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Easter is the Sunday of Sundays, the solemnity of solemnities, the last day of the Paschal Triduum and the first of the fifty-day Sunday of celebration. We celebrate the death, burial and resurrection, the Passover, of Christ. At baptism we became sharers in Christ's passover. No matter what day we were baptized, Easter is the anniversary.

The church's heart and soul is found in Easter. It is the time of the most beloved scripture stories of creation, Noah, the Exodus, of Daniel in the lion's den, of Queen Esther saving her people, of Jonah in the belly of a fish. And, of course, at Easter the church hears the Gospel accounts of the Lord’s resurrection.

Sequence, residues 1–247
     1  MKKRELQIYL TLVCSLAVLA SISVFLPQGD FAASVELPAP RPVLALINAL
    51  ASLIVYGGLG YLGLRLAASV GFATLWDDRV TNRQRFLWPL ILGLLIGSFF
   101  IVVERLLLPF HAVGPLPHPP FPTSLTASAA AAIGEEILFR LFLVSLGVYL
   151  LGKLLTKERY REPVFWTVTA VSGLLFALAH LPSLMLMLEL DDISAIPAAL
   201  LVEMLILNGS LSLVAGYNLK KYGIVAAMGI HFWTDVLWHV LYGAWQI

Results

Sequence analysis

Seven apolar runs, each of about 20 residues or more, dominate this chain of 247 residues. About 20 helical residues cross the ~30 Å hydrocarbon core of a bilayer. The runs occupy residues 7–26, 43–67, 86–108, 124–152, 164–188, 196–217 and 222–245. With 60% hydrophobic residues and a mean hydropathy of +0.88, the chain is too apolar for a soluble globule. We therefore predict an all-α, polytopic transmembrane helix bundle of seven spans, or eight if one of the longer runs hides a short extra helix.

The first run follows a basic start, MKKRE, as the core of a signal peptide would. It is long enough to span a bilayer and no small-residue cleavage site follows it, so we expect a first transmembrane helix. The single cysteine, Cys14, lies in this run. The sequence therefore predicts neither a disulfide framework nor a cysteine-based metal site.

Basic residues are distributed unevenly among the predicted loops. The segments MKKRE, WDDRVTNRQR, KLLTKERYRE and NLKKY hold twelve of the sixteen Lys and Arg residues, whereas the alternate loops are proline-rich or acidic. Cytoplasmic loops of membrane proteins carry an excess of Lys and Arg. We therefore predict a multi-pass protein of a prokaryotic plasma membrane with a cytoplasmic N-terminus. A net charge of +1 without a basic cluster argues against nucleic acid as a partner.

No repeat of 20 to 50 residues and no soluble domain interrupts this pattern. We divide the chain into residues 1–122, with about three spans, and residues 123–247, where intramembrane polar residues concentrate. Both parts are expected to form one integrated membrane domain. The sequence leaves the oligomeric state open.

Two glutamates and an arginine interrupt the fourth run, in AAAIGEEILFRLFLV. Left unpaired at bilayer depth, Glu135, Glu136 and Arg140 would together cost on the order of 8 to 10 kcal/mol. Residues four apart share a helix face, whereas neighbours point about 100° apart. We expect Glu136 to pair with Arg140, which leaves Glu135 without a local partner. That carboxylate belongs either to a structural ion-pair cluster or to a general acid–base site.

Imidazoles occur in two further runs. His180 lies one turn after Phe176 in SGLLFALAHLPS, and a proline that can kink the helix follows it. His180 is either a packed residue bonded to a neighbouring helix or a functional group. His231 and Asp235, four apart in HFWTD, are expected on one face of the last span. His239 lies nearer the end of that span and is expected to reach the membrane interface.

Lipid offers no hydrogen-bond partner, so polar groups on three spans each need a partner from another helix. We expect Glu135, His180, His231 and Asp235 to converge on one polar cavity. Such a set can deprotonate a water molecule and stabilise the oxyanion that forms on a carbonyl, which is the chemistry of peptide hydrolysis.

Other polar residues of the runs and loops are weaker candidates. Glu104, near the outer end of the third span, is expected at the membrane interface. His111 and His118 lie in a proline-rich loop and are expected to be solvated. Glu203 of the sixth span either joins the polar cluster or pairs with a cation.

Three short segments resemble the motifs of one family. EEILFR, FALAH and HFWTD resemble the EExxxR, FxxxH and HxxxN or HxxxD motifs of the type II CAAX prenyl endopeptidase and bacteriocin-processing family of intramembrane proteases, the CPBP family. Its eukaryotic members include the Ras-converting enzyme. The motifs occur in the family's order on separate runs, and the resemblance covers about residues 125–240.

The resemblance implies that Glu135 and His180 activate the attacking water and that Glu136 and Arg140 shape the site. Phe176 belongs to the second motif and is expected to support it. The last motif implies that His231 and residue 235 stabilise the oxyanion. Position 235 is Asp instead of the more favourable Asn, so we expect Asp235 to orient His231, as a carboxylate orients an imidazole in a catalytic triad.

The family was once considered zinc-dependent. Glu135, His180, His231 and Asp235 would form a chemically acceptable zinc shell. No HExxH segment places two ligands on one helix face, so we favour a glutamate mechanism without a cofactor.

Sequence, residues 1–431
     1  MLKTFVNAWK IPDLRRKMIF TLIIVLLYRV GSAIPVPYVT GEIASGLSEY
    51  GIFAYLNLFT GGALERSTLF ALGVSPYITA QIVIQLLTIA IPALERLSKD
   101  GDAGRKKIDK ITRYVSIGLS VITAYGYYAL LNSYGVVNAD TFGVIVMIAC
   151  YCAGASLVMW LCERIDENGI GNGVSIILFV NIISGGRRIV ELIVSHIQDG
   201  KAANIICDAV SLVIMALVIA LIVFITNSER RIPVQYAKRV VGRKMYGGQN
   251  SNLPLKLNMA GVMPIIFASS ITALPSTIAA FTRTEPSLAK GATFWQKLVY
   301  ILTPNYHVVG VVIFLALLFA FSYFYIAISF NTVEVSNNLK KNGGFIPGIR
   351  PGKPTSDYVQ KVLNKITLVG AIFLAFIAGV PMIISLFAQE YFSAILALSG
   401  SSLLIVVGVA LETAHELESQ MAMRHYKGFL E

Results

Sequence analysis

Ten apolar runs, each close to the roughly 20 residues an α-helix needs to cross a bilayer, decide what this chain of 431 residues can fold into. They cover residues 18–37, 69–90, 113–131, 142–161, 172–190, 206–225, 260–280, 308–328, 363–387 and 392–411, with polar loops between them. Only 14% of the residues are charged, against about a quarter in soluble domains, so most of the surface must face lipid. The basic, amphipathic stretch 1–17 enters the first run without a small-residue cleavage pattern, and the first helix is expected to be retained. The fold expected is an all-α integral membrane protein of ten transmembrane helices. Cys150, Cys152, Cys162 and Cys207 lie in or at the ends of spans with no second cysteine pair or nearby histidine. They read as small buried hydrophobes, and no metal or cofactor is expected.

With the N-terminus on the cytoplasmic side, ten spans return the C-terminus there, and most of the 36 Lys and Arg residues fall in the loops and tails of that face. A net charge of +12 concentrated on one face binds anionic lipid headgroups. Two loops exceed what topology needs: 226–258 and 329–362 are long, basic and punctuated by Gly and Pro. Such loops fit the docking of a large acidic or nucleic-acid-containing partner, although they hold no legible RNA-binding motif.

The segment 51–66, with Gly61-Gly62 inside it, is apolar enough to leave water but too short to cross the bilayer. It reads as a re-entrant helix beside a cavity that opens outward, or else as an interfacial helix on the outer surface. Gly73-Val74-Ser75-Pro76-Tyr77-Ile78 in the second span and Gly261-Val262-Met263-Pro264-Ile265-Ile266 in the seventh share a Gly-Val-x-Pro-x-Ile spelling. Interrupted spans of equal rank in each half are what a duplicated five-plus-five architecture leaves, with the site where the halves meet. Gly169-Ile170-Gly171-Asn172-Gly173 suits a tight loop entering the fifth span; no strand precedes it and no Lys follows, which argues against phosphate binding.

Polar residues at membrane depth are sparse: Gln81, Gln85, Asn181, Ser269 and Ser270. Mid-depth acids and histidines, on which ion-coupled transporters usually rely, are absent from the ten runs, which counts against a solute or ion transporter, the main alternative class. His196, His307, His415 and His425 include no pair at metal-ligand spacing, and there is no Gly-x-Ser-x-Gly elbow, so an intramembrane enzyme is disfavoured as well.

Easter is filled with songs and customs and foods that remind us of these stories. Sprinkling ourselves with Easter water can speak to us of the Israelites marching through the Red Sea from slavery to freedom.

Dyeing eggs in rainbow colors can be a celebration of the promise made to Noah and all the animals after the great flood.

Egg hunts in gardens are also an Easter week custom. At Jesus' tomb the angel had asked the women, "Why do you look for the living among the dead?" An egg hunt is a search for life. Like the holy women, we discover that life has conquered death.

The word "Easter" comes from the same root as the words "star" and "east." It means "dawn light." This word has become a wonderful way to describe the Christian Passover. In the words of Psalm 118: "This is the day the Lord has made. Let us rejoice and be glad!